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On the Application of Flexible Designs When Searching for the Better of Two Anticancer Treatments

  • Christina Kunz
  • Lutz EdlerEmail author
Chapter
  • 36 Downloads

Abstract

In search for better treatment, biomedical researchers have defined an increasing number of new anticancer compounds attacking the tumour disease with drugs targeted to specific molecular structure and acting very differently from standard cytotoxic drugs. This has put high pressure on early clinical drug testing since drugs may need to be tested in parallel when only a limited number of patients—e.g., in rare diseases—or limited funding for a single compound is available. Furthermore, at planning stage, basic information to define an adequate design may be rudimentary. Therefore, flexibility in design and conduct of clinical studies has become one of the methodological challenges in the search for better anticancer treatments. Using the example of a comparative phase II study in patients with rare non-clear cell renal cell carcinoma and high uncertainty about effective treatment options, three flexible design options are explored for two-stage two-armed survival trials. Whereas the two considered classical group sequential approaches integrate early stopping for futility in two-sided hypothesis tests, the presented adaptive group sequential design enlarges these methods by sample size recalculation after the interim analysis if the study has not been stopped for futility. Simulation studies compare the characteristics of the different design approaches.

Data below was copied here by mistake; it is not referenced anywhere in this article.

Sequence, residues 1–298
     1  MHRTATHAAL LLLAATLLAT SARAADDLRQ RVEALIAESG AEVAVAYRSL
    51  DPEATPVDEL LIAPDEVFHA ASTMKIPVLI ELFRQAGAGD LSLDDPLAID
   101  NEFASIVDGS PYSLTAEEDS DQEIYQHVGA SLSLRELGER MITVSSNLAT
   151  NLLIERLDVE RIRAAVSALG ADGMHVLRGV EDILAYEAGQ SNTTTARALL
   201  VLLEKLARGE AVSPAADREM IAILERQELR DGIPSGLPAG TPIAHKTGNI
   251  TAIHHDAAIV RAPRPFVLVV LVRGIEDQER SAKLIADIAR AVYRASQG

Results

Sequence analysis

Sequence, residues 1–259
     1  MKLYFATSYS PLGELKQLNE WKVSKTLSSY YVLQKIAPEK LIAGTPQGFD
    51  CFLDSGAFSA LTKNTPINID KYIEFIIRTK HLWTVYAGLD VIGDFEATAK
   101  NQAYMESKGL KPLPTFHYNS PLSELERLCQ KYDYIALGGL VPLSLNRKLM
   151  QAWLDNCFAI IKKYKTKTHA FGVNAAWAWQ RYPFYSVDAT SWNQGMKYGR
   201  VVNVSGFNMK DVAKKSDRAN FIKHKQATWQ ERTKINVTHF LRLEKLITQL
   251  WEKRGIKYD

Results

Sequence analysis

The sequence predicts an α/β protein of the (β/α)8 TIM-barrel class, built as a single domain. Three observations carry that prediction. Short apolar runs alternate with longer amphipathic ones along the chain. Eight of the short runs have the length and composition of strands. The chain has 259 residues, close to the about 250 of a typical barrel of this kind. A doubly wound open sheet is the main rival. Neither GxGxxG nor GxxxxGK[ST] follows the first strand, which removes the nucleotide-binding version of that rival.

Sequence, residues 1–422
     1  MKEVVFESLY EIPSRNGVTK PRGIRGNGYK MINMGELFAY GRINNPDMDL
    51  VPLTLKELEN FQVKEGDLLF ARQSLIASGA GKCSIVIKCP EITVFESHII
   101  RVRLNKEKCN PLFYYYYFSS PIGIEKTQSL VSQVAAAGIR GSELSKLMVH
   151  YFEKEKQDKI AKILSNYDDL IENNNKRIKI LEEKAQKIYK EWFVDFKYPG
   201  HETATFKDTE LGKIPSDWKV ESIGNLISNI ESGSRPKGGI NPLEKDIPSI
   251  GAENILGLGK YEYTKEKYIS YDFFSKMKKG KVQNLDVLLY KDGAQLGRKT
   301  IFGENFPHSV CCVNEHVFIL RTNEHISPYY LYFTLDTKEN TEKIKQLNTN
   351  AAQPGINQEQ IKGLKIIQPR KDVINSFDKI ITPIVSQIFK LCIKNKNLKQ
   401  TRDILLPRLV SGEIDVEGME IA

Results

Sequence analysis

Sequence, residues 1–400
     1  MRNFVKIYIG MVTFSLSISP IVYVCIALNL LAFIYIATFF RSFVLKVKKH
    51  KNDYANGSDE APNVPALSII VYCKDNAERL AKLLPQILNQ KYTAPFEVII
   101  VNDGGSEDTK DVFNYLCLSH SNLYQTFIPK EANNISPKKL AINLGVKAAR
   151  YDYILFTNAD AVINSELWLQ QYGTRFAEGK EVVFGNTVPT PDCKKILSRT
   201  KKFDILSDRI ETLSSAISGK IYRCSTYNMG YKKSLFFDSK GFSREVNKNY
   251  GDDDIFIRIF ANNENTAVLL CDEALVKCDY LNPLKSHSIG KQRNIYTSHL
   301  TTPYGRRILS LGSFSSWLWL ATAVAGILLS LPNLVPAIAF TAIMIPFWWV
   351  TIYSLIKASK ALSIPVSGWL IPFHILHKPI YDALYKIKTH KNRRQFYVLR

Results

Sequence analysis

Keywords

Clinical phase II trial Survival data Flexible design Sample size recalculation 

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Copyright information

© Springer Nature Switzerland AG 2020

Authors and Affiliations

  1. 1.German Cancer Research CenterHeidelbergGermany

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